Officially, the purpose of Memorial Day is to commemorate members of the military who have fallen in the service of our country, but I thought I’d use this occasion to remember one of my heroes, Ulysses S. Grant, who didn’t die in battle but was of course a great military leader and our 18th president. Years ago I read a couple of biographies and watched a good documentary about the man. My comments here stem from my recollections and so I’ll be more impressionistic than fact-based in this blog.
Grant is first and foremost my hero because without him the North would not have won the war, or least not as soon as it did. Without the war ending in the North’s favor, of course, we’d still have slavery. As I’ll point out below, Grant, unlike, say, the other great Union general from the Midwest, William Tecumseh Sherman, evinced some compassion for the plight of both Indians and blacks. But I’m getting ahead of myself here.
When I was a kid my dad bought me a set of illustrated children books on the Civil War. I devoured them. I remember he took me to a Civil War reenactment too. Growing up in California, I was a Union guy all the way, even if a number of my ancestors came from the South. Later, when as a university instructor I taught Western Civilization courses and came to the Punic Wars, I’d often compare the Roman general to Scipio Africanus to Grant and the Carthaginian general Hannibal to Robert E. Lee. I’m not the first one to draw this interesting parallel, and I’ll just sketch out the similarities rather briefly and crassly here. Scipio, a brilliant field commander, had the numbers and resources; he was not afraid to throw men into the battle. Hannibal, commander of the fledgling North African Empire, was a superior strategist who had less troops and armaments but amazingly continued the war for years only to make a last-ditch effort in invading the North (as in the Roman Empire on the southern reach of the European continent). Does this sound familiar, Civil War buffs?
If pressed, I’ll agree that Robert E. Lee was a superior general and an unsurpassed leader of men; yet, Grant was hardly far behind and indisputably the better man. The fact that he was fighting for the right cause informs part of my view here. I understand that Lee was supposedly against slavery but felt an obligation to defend his beloved Virginia. The fact remains that he supported an evil institution. Grant's magnanimous reception of a defeated Lee at the Courthouse in Appomattox is the stuff of legend and the eternal exemplar of a face-saving and gracious victory, something the Allies should have looked to after World War I. Moreover, something about Grant’s biography, his flaws, and the hardships he faced draw me to him. Sherman, Grant’s friend and another great general in American history, is different. Though his march to Savannah ended the war sooner than later and handed Lincoln a second election, he deemed African Americans inferior and harbored a genocidal disregard for Indians.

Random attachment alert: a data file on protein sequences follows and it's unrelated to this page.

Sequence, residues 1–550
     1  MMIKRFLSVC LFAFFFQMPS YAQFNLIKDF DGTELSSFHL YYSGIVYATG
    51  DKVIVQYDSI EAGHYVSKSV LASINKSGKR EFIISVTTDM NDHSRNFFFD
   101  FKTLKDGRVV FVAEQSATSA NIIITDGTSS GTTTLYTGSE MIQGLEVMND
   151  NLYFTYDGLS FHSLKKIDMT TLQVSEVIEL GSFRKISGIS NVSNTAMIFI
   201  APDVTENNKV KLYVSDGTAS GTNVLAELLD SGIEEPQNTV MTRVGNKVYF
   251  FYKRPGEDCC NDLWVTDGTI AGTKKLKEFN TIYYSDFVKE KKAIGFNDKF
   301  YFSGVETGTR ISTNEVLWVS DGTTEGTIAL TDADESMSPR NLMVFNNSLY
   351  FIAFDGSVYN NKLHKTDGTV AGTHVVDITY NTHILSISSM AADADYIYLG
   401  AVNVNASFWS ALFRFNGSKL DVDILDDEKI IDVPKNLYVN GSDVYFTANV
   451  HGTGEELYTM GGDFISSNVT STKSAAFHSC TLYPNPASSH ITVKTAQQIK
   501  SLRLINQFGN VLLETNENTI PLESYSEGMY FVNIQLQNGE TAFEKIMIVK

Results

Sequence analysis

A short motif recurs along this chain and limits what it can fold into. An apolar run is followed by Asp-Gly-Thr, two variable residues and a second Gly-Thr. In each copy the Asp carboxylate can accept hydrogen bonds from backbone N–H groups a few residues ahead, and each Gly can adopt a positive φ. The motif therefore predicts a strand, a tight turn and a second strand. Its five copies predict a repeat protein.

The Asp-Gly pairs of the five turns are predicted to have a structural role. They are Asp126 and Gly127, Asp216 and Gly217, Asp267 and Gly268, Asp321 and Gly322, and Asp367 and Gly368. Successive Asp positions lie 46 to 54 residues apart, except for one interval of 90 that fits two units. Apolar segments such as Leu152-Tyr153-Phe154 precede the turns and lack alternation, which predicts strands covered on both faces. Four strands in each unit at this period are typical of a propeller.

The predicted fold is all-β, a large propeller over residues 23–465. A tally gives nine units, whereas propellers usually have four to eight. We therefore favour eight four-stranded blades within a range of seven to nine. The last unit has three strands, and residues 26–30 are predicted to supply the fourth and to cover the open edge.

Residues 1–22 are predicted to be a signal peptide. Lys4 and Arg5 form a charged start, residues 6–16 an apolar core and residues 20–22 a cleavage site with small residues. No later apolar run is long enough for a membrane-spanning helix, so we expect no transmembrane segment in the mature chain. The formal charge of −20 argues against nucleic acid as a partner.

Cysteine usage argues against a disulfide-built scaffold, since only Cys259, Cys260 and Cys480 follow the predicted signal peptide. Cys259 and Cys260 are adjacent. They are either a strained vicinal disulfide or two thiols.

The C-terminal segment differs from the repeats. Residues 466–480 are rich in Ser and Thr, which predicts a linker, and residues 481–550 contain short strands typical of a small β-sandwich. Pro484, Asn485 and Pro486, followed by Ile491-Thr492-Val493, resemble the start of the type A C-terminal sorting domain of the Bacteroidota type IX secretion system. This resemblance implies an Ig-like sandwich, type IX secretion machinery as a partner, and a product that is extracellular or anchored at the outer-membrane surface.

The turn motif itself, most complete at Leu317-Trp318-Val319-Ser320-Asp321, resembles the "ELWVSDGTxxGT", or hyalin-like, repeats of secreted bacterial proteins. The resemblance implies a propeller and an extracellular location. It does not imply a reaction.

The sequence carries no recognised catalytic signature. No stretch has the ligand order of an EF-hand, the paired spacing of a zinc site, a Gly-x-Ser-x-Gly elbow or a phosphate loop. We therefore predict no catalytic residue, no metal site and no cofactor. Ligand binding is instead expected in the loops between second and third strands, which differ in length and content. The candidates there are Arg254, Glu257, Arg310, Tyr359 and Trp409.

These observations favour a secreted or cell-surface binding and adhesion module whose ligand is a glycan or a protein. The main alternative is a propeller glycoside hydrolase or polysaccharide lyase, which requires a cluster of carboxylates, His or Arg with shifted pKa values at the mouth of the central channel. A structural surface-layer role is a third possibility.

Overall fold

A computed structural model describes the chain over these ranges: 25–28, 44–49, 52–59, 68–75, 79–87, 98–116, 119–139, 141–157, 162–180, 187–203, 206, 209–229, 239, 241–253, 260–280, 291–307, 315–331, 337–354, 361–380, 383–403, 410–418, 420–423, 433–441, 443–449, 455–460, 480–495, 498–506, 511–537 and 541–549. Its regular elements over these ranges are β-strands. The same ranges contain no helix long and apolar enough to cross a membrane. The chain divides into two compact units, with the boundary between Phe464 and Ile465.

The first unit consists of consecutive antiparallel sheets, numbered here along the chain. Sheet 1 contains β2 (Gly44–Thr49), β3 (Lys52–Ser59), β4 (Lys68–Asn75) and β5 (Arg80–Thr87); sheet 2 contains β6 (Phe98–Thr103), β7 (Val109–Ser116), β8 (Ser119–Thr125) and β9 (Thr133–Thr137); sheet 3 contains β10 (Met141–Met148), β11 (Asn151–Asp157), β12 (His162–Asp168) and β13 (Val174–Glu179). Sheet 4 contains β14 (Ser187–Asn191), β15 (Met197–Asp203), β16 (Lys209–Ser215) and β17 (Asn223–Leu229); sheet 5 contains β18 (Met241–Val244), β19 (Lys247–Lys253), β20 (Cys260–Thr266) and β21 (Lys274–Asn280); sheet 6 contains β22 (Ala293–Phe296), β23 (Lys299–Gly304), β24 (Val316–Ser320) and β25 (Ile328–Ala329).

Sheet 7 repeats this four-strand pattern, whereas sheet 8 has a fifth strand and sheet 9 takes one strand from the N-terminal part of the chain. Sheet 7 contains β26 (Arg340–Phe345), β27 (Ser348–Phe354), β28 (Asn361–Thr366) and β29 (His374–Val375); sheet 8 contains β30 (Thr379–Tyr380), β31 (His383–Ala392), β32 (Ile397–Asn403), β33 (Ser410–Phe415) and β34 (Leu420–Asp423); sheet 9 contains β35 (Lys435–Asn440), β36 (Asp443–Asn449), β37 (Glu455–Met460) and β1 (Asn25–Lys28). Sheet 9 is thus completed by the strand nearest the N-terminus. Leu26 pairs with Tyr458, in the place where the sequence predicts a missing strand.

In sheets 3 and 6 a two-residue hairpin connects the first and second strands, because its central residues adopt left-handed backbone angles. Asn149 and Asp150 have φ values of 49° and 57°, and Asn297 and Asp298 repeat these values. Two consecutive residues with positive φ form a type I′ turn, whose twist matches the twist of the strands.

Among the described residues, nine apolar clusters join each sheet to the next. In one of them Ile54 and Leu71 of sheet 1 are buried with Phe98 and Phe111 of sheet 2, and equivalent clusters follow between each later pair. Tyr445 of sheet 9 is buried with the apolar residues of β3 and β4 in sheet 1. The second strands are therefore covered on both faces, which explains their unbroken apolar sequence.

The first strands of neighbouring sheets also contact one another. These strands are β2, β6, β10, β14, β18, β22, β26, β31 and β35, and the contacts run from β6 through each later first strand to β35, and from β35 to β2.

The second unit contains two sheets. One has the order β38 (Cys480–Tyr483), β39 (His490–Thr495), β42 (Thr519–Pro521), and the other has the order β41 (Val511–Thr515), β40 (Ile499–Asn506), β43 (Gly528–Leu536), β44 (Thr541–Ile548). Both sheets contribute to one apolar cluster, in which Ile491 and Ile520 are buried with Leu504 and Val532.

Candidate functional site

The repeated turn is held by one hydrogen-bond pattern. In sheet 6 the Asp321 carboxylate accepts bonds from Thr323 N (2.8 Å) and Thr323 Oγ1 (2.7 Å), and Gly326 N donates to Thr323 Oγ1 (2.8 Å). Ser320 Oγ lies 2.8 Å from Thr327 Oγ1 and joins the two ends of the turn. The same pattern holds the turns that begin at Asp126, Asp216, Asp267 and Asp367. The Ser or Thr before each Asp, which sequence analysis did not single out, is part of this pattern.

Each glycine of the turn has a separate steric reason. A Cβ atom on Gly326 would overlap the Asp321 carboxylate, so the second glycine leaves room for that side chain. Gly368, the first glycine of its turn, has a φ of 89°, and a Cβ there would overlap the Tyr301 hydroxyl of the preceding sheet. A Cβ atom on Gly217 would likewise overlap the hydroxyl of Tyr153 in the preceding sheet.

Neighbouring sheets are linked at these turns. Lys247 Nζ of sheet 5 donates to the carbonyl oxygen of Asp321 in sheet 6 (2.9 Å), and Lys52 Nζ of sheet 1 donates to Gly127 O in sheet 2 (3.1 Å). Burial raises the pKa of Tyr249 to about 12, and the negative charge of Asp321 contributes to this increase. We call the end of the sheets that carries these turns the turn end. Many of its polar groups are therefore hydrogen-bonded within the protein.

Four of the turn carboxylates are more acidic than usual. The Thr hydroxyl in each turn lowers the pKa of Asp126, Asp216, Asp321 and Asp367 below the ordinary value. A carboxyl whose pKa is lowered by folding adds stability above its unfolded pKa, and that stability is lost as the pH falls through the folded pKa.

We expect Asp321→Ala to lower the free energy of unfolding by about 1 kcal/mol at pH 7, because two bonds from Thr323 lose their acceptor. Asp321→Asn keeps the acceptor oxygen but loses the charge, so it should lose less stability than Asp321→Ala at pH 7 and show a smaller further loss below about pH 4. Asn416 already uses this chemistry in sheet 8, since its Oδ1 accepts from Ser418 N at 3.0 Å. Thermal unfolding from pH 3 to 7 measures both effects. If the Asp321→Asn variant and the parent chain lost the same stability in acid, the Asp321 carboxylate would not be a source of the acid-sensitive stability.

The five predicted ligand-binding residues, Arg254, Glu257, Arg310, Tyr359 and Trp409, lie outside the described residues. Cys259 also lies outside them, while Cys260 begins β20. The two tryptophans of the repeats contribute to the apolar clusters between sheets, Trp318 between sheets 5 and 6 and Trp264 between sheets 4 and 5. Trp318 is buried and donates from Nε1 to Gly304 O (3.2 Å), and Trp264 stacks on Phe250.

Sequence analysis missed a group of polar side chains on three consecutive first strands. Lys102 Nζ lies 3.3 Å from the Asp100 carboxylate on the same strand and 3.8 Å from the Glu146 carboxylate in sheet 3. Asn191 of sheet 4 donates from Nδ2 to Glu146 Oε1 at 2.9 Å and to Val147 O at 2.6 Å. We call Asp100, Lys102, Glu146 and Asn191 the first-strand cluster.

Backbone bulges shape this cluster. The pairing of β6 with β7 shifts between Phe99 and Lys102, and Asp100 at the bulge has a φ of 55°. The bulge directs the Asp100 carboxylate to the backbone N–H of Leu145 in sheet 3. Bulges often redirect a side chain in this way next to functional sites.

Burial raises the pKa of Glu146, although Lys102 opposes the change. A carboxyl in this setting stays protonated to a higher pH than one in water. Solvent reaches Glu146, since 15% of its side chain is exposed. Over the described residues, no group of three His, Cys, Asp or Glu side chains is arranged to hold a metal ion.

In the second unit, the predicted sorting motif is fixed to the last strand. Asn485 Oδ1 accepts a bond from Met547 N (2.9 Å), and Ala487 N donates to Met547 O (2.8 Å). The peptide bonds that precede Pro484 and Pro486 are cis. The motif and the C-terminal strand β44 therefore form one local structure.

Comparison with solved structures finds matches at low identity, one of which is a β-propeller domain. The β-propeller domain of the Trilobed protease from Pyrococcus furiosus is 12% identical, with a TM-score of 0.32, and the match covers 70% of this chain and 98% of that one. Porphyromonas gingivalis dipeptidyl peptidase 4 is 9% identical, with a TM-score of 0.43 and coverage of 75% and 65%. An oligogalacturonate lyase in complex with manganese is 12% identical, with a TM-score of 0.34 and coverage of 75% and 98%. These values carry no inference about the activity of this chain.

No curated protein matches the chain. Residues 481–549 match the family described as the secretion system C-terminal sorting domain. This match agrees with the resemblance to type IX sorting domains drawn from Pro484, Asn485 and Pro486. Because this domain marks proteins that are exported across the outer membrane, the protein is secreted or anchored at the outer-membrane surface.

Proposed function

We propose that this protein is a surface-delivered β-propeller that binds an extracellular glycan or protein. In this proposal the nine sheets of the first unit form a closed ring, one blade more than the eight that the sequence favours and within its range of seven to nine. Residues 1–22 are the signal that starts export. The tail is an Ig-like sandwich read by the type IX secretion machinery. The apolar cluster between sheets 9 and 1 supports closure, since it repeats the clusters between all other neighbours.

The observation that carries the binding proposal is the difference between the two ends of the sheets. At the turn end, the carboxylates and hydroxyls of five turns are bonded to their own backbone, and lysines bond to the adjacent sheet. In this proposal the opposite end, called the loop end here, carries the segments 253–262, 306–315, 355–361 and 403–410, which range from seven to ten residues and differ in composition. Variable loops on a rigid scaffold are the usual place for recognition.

By contrast, Grant as president advocated the so-called “Santo Domingo” policy of annexing the Caribbean island and making it a haven for freed slaves who were experiencing persecution in the postwar years. Ironically, and sadly, self-styled advocates of freedmen in congress rejected the plan because they saw it as a failure of Reconstruction. Under President Grant, African Americans benefited. Under his watch the Fifteenth Amendment gave black men the right to vote, the Ku Klux Klan Act enabled the federal government to deal with this menace, and the 1875 Civil Rights Act of which required “public accommodations” for anyone regardless of race or color. Grant was also seemed generally concerned about the U.S. government’s treatment of Indians and wanted to find a way to end the evil “wars of extermination” (his words). I love Senator Fred Thompson’s portrayal of a humane and reasonable Grant in the excellent 2007 HBO movie Bury My Heart at Wounded Knee.
Grant’s fame ultimately rests on his military record. He was a superb general and I’d love to talk about the Battle of Shiloh. For the sake of many readers who might not be as appreciative of military history, however, I’ll focus on Grant’s character. After all, what I love most about Grant has just as much to do with his actions off the battlefield! Granted, he was no prince charming. He was a drunkard, and his appetite for the bottle jeopardized his military career on more than one occasion, most notably during the Vicksburg campaign. Another blemish, I suppose, is Grant’s inability to make money, the consequences of which ultimately led to an impoverished, hardscrabble life and a corrupt presidential administration. Acknowledging his predicament, he called his first home Hardscrabble! His presidency was one of the most corrupt of the 19th century. True enough. But revisionist biographers have rehabilitated his legacy a bit, showing that Grant was more often the unwitting pawn of unscrupulous cabinet officers and businessmen than a scheming greed-driven man.
At the end of his life Grant suffered from throat cancer. Despite excruciating pain, he was determined to get his family out of bankruptcy before he died. In the photo Grant is writing his account of the war on the porch of his home in upstate New York. Though he was no man of letters, his personal memoirs are of high literary quality and he got a hefty sum of money with their publication. Grant was no saint, but when the chips were down in war or at home he rose to the occasion. I’m not a believer in holy men and I don’t hold people to utopian ideals, so I guess that’s the most that can be said of anyone.